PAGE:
That does not mean, as I explained in the last article, that a simple retail order gets the best possible fill. All the machinations of the exchanges to benefit one customer at another's expense must have unintended effects - and among those effects have been demonstrable losses in system reliability as with the Flash Crash.

It is also true that the customers with maximum leverage on exchange policy-makers, the large volume money managers and wholesale dealers, must give considerable thought and spend money to optimize their use of the IT behind trading. This effort is necessary to avoid losing money to other wholesale traders. Institutional investors use high speed computer algorithms to defeat the attempts of dealers to improve their prices, and the reverse.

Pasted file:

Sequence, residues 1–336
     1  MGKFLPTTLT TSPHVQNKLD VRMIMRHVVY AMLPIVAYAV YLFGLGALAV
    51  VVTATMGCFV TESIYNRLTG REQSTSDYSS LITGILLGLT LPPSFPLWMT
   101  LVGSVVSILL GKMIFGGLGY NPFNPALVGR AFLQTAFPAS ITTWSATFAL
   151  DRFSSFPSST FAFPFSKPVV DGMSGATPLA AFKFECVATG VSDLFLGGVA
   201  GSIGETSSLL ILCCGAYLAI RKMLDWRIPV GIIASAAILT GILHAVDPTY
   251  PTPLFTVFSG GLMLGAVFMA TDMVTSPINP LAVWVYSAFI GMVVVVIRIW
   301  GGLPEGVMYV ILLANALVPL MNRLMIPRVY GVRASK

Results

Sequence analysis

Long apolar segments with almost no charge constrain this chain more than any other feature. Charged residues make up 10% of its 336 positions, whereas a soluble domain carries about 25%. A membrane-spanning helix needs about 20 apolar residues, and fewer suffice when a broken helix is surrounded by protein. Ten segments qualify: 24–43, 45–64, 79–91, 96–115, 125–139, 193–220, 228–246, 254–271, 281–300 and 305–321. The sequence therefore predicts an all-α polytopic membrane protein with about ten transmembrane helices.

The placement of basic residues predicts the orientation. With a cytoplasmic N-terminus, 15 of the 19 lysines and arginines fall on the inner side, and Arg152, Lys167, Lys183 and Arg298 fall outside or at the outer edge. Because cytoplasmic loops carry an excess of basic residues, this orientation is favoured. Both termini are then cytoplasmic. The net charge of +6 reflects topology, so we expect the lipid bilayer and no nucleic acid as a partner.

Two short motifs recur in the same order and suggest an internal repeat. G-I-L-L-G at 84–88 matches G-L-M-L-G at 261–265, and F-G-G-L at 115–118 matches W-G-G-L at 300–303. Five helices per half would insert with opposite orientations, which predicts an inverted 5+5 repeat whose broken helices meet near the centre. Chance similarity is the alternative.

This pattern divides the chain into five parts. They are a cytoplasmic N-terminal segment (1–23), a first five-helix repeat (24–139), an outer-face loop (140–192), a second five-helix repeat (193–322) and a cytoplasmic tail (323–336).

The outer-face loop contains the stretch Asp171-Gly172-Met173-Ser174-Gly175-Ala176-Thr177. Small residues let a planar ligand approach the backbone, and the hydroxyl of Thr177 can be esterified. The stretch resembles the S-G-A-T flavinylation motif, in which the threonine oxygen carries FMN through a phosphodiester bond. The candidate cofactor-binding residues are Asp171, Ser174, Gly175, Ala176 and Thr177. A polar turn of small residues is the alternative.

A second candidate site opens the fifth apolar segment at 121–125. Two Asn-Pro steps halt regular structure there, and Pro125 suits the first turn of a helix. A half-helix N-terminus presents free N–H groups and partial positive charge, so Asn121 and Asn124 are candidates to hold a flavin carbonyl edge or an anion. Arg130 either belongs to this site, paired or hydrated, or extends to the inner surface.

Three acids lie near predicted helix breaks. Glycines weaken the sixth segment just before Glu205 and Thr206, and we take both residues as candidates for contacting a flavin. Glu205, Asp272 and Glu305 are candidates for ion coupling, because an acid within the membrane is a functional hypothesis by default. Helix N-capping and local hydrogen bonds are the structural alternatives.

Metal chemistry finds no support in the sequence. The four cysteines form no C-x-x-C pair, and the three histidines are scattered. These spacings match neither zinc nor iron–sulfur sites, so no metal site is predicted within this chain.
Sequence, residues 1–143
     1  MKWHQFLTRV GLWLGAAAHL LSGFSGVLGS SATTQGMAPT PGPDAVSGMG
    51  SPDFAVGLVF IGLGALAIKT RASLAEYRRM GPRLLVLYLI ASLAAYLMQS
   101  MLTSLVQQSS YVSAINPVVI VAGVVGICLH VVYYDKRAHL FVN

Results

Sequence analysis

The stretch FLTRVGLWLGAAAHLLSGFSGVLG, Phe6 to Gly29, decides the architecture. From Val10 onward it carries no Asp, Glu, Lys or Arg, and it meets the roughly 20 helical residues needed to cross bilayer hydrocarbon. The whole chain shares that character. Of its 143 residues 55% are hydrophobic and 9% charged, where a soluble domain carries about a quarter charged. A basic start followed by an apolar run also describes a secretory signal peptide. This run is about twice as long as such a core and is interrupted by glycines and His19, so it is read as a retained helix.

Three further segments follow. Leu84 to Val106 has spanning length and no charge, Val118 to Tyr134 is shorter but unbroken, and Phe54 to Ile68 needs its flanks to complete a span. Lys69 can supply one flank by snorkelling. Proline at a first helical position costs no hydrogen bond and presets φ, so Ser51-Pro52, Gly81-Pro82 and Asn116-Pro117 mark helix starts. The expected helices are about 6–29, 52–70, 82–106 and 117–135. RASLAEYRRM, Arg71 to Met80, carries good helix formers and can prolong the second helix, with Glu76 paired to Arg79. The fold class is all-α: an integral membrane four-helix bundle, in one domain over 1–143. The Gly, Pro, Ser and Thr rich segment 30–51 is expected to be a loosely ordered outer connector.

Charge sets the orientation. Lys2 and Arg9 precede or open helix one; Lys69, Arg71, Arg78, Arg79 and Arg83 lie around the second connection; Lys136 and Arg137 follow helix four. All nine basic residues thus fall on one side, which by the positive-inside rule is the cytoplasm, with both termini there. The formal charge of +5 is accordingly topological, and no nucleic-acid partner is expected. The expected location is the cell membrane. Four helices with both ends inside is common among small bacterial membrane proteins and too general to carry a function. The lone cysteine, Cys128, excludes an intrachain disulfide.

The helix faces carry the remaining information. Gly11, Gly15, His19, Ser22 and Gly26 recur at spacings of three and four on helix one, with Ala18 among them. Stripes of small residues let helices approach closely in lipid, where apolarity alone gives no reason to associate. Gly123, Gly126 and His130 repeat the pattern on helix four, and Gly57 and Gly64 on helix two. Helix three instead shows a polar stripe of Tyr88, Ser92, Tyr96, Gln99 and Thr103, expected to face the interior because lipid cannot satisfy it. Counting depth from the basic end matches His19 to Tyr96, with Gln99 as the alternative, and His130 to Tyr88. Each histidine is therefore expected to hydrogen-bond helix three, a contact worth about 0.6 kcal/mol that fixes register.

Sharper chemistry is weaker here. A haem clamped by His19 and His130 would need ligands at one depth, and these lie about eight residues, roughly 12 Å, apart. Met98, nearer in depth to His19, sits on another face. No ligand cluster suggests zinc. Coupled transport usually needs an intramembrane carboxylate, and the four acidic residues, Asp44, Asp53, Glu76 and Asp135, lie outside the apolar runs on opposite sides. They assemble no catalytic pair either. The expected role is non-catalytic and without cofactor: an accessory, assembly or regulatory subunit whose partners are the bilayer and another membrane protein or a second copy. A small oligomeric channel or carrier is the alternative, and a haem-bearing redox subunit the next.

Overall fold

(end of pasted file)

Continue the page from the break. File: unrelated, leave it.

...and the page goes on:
Money Management's Revenge. I believe more light and less heat will be shed on the current struggle for market dominance between the exchanges that now represent the real protagonists - on one side, the broker-dealers of the sell side and HFT specialists; and on the other side, the large institutional traders, fund managers, insurance companies, and the like - if IEX, the would-be exchange that specializes in meeting the needs of the under-represented money management firms, did not bear the weight of the halo that Michael Lewis placed on its head in Flash Boys.

If the old-line exchanges such as BATS, and NYSE, did not have to defend special IT-enabled pseudo-innovations such as co-location, perhaps IEX would not need to defend its innovations.

IEX innovations: